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Lucy Saunders
4230 N. Oakland #178
Shorewood WI
53211 USA
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Assemble a good selection of cheese from each category-four to six varieties of cheese-for a catered event pairing cheese and beer. Or, a vertical tasting platter might include several examples of a similar style, such as ripened Brie, Surface-ripened Brick and Gorgonzola.

Mild, bland crackers-water crackers, bread or toast rounds-are the best accompaniment. In general, start with more subtle cheeses and light-bodied beer, and progress to the more intense, full-flavored combinations.

1) Mascarpone: A buttery soft spreadable Italian-style cheese, Mascarpone is sweet, fresh and versatile as an ingredient in desserts, soups, pastas, polenta, dips and more. Mascarpone cheese, spread on whole-grain crisp bread and topped with sliced radishes, or dipped onto the tip of a daikon radish stick, makes a fast bar snack.

Pair Mascarpone with a complex fruity ale, such as a Belgian-style saison brewed with a bit of wheat malt for tangy flavors to contrast with the buttery richness of the cheese.

2) Fresh Mozzarella: Ideal for salads, salsas and pasta dishes. Made from cow's milk, this cheese is packed in water for freshness. It has a delicate, milky flavor, porcelain white appearance, and springy texture.

Skewers of Mozzarella balls and cherry tomatoes make a colorful appetizer.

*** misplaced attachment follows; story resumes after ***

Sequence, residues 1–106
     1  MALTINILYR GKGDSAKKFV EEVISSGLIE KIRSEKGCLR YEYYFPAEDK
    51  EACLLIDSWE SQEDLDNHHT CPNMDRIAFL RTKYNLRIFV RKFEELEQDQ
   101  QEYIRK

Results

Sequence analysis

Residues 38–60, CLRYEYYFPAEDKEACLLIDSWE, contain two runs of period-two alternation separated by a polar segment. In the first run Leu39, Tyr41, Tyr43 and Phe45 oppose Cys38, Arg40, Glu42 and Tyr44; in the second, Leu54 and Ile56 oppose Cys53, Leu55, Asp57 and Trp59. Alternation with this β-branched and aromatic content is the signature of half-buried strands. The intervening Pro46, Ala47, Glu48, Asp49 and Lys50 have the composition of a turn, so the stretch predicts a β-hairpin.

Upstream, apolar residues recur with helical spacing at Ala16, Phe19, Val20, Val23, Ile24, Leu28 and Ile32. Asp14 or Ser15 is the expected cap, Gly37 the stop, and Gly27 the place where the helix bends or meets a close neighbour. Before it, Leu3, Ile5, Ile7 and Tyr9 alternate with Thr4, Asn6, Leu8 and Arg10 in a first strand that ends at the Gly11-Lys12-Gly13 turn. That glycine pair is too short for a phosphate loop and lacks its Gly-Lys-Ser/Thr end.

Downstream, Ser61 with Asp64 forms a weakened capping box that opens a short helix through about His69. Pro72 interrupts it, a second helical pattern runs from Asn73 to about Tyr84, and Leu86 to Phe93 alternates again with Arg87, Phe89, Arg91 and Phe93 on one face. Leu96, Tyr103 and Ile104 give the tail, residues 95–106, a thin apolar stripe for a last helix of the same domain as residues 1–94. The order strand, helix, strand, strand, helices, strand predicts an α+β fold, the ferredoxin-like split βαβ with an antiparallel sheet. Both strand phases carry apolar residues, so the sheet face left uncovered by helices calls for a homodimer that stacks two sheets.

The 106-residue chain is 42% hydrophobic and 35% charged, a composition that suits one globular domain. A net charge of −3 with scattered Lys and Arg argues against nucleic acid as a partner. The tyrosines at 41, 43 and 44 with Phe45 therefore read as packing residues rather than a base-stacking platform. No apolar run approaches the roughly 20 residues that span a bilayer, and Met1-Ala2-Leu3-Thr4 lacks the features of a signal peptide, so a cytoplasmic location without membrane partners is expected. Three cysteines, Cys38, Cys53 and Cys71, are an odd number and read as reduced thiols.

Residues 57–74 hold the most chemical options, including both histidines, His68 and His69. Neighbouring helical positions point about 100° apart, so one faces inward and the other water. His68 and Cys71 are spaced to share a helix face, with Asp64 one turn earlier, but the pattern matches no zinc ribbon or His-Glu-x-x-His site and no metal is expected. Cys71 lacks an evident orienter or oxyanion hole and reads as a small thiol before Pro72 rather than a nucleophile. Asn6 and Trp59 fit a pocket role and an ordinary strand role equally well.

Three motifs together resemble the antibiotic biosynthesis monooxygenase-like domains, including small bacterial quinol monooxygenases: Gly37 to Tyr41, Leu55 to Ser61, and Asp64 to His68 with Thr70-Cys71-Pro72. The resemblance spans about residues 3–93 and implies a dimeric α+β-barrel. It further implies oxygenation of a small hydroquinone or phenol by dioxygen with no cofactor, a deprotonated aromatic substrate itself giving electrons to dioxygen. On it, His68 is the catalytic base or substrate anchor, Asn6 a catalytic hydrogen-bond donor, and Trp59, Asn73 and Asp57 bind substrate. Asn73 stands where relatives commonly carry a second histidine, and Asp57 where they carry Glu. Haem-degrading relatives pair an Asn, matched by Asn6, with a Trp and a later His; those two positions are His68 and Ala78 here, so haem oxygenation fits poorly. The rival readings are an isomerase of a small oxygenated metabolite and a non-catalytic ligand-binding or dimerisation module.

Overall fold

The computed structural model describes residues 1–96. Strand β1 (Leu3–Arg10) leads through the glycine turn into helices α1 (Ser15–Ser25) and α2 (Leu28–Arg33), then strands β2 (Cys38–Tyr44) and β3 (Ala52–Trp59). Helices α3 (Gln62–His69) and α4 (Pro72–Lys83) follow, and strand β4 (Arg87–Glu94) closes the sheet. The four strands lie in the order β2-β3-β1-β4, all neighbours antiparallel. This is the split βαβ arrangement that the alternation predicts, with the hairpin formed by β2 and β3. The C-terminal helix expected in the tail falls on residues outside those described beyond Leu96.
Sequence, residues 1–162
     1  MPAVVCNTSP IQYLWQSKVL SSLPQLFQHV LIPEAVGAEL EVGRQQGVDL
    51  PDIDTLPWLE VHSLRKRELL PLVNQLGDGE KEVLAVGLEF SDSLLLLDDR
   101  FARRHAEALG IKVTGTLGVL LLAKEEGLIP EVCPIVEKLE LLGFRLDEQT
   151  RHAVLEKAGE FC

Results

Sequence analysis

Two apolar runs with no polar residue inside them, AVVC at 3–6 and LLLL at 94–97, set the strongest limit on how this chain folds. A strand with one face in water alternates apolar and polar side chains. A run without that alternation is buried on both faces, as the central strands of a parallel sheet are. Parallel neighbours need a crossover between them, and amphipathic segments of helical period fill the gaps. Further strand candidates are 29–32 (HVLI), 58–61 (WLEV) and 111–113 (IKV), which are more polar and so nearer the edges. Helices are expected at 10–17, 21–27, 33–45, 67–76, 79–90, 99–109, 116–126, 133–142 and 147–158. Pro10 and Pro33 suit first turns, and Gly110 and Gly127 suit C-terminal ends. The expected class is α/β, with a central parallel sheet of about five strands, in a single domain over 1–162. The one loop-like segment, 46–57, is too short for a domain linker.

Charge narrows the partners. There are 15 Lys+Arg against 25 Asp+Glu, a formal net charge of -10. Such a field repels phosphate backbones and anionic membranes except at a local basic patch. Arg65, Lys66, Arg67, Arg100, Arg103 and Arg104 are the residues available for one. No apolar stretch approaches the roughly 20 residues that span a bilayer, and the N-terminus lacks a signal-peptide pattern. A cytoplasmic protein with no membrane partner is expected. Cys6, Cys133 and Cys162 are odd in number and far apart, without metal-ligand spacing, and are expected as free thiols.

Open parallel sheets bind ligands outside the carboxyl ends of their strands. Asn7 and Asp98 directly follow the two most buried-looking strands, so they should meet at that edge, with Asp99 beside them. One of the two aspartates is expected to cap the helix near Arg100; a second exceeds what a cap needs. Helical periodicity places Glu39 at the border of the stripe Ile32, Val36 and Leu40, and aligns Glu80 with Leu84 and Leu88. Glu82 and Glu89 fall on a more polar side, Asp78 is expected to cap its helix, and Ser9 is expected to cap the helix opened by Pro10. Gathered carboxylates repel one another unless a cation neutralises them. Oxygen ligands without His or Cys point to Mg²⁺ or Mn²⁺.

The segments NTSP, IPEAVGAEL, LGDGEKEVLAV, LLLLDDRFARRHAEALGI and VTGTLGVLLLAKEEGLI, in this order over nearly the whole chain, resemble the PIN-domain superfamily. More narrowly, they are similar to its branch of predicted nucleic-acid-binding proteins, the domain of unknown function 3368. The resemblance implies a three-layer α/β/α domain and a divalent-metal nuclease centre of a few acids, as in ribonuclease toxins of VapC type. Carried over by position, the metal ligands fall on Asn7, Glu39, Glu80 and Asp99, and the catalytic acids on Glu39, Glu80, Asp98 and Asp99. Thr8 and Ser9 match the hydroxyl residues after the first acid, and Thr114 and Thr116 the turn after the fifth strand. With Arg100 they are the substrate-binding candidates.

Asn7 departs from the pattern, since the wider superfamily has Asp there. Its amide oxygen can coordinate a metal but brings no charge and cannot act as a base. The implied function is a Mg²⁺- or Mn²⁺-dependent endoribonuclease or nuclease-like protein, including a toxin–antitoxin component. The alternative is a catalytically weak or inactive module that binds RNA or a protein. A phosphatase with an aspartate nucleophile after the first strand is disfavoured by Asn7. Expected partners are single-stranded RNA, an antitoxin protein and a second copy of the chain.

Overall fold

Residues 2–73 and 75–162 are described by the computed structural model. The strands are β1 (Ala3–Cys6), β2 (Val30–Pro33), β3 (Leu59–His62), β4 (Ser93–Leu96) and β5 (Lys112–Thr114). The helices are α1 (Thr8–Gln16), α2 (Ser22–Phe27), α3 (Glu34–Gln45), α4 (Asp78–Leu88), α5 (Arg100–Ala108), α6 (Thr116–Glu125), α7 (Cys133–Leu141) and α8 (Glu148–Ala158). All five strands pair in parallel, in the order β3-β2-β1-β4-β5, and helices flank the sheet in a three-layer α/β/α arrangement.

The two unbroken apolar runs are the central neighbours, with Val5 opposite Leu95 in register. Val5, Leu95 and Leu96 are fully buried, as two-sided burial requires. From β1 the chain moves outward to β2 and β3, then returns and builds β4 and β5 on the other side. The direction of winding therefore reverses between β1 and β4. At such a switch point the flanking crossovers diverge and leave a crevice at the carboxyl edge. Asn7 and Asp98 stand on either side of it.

A toasty, rich dark lager, brewed with black patent and chocolate malts, contrasts with the sweet dairy flavors of the fresh Mozzarella.

3) Brie: A creamy, soft-ripened cheese that, when perfectly ripe, will be spreadable at room temperature. Sold in full wheels, or cut into wedges. A chalky center indicates an immature Brie. Brie's rich taste notes are both buttery and woodsy, reminiscent of mushrooms
(especially when tasted with the snow-white, edible rind).
Sample wedges of ripened Brie with other fruits, such as grapes or figs, to heighten the contrast in flavors.

Cherry ale is a Belgian-style kriek ale (traditionally brewed with wild yeasts and aged hops) and infused with both delightful color and bouquet by the addition of fresh, sour cherries. The fruity, sweet taste of the beer goes well with the ripened Brie.

4) Gorgonzola and Blue: Noted for its distinctive, sharp flavor, Blue is marbled with streaks of edible blue-green mold. Blue can be soft and spreadable, or firm and crumbly. Gorgonzola is an Italian-style veined cheese, with a buttery-yellow, tangy cow's milk base.
Present a platter of rich, veined cheeses with walnuts and pears -- a European tradition.

A robust, yeasty ale in the Trappist brewing style is aged and bottle-conditioned (extra yeast added just at bottling), so it has a stronger, almost vinous, flavor that harmonizes with the distinctive mold-ripened cheese taste.

5) Surface-ripened Brick: A Wisconsin original, Brick cheese has a mild and mellow flavor that becomes more pungent with age. Surface Ripened Brick is washed with a special smear of cultures to produce its distinctive taste and aroma. Excellent for table use, cooking and melting.

In Wisconsin, grainy hot mustard and sliced onions top an open-faced sandwich of pumpernickel and surface-ripened Brick -- a tavern favorite.

A pale ale with a hoppy, citric taste balances with the creamy, mellow taste of Brick.

6) Hot Jalapeno and Habanero Pepper Monterey Jack Cheeses: Wisconsin cheesemakers add several kinds of hot peppers to heighten the creamy flavor of Monterey Jack. Terrific as a topper for grilled meats and rustic sandwiches, Hot Pepper Monterey Jack is easily sliced, shredded or cubed.